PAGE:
Are Todd Pratt's Days as a Phillie Numbered?

While the real battles are in center field and the bullpen, there is another, quieter battle going on behind the plate. Todd Pratt and A.J. Hinch are locked in a battle that could mean the end of Pratt's days in Philadelphia. And then, there's Carlos Ruiz waiting in the wings to take over for either of them next season.

Perhaps, Todd Pratt sees the writing on the wall. Many feel that Pratt, generally very affable and fun during spring training has had a slightly different demeanor this spring. After all, Pratt wasn't the Phillies' first choice to back up Mike Lieberthal; that was Sandy Alomar, Jr., who failed a physical and was eliminated from consideration. Immediately, GM Ed Wade went to Pratt, a known quantity in Philadelphia, to backup Lieberthal just as he has since 2001 when he was reacquired from the Mets.

At the time, Pratt was seemingly silent about the situation. He seemed to be a good soldier, simply enjoying his time in Philadelphia, knowing that his career doesn't likely have too much time remaining on the clock. Still, the demeanor has been different. It showed recently when Pratt was interviewed - briefly - by Comcast SportsNet's Leslie Gudel. Pratt was asked simply and straightforwardly about a growing sentiment that A.J. Hinch could take over Pratt's job on the roster and Pratt abruptly ended the interview by walking away. Perhaps, the question hit too close to home.

Would the Phillies replace Pratt with Hinch? It's not out of the question. Hinch certainly doesn't carry the major league pedigree that Pratt brings, but he does bring some positives. Defensively, Hinch is every bit of a qualified backup catcher. He knows how to handle pitchers and has been praised by many of the pitchers that he has caught over his time in the minors and his somewhat limited time in the majors. His arm is above average and he throws out runners attempting to steal on a pretty solid basis. Offensively, Hinch is weak. In seven major league seasons - just 350 games - Hinch is just a .219 hitter. Hinch does actually have an advantage in homerun/at bats ratio over Pratt, having hit just six less homeruns in 190 less at bats.

As for Pratt, his defense is adequate and pitchers also love working with him. His arm isn't in the same league as Hinch's. Running off of Todd Pratt is much easier than it is to run off of A.J. Hinch. Pratt has been known primarily for his tough style of play and his offense. The 38 year old is a career .255 hitter, but has a way of throwing in key hits at big points in the game.

The big question is whether the Phillies will sacrifice some offense and known leadership that Pratt brings to the team in favor of improved defense from A.J. Hinch. It's possible, since Pratt's offensive numbers have been sliding. After hitting .311 in 2002, Pratt's average has slid to .272 in '03 and just .258 last season. His walks have declined, while his strikeout numbers have risen slightly. The changing walk/strikeout ratio and his falling average have knocked down his on-base percentage.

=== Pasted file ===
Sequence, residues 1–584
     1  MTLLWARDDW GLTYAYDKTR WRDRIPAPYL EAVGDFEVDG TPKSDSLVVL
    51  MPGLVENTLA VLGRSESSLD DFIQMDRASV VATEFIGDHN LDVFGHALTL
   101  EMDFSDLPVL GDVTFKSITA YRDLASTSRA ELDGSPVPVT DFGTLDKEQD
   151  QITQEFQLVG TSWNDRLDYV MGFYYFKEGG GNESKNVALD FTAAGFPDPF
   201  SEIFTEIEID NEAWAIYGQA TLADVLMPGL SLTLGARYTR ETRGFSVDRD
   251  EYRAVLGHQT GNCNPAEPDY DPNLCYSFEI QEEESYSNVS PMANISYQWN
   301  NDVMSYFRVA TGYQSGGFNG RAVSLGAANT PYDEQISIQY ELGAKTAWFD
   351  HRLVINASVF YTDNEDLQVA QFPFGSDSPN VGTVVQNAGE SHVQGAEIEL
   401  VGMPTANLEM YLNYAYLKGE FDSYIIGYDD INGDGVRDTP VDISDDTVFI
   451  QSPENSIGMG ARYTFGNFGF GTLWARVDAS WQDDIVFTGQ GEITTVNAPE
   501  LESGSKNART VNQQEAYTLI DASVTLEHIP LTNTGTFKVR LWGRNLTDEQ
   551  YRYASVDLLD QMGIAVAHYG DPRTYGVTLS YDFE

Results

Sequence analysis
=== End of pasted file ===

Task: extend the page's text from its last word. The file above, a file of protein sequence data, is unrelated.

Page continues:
It was assumed that 2005 would be Pratt's last season in Philadelphia. It's likely that they will hand the backup duties to Carlos Ruiz next season, provided that Ruiz flourishes at AAA Scranton this season. Much like Hinch, Ruiz was known primarily for his defense until a breakout offensive season at AA Reading in 2004. The 25 year old hit .285 with 17 homeruns at Reading and has placed himself firmly on the prospect radar for the Phillies. The 17 homeruns set a career high for Ruiz, who had a previous high of five and had hit just 18 career homeruns in five minor league seasons coming into 2004. Ruiz has thrown out some of the fastest runners in the minors and has opened eyes in both the Arizona Fall League and this spring with the Phillies.

Complicating the situation is the fact that the Phillies aren't really sure there's room for both Hinch and Ruiz at Scranton. The Phillies definitely want Ruiz to play on an everyday basis, but Hinch would command a good chunk of at bats as well. Finding a major league job for Hinch - if the Phillies decide to go that route - would make things a little simpler at the AAA level. Of course, that won't be a determining factor in the decision.

Whether it's before or after the 2005 season, Todd Pratt's days in Philadelphia are coming to an end. Likely, his days as a major leaguer are coming to an end as well. Some players have a tough time with that and those feelings may be part of what Pratt is grappling with this spring. The handwriting is on the wall. Everyday in camp, Pratt sees both his current and future competition. The Phillies are taking a long, hard look at catchers and will have a tough decision to make. No matter how and when it ends, Phillies fans owe Pratt a debt of gratitude. He has been a warrior. Breaking into the majors with the Phillies in '92, Pratt has played all or part of seven major league seasons as a Phillie. During that time, he has hit 21-91-.258 and has done everything the Phillies have asked of him. Whether it was going to be Alomar or will be Hinch or Ruiz, Todd Pratt will be replaced as Mike Lieberthal's backup and it won't be easy for him or for Phillies fans to adjust to.

CAREER STATS HR RBI AVG G AB R H 2B 3B BB KO OBP
Todd Pratt 38 182 .255 540 1302 163 332 74 3 177 361 .352
A.J. Hinch 32 112 .219 350 953 104 209 28 3 71 214 .280

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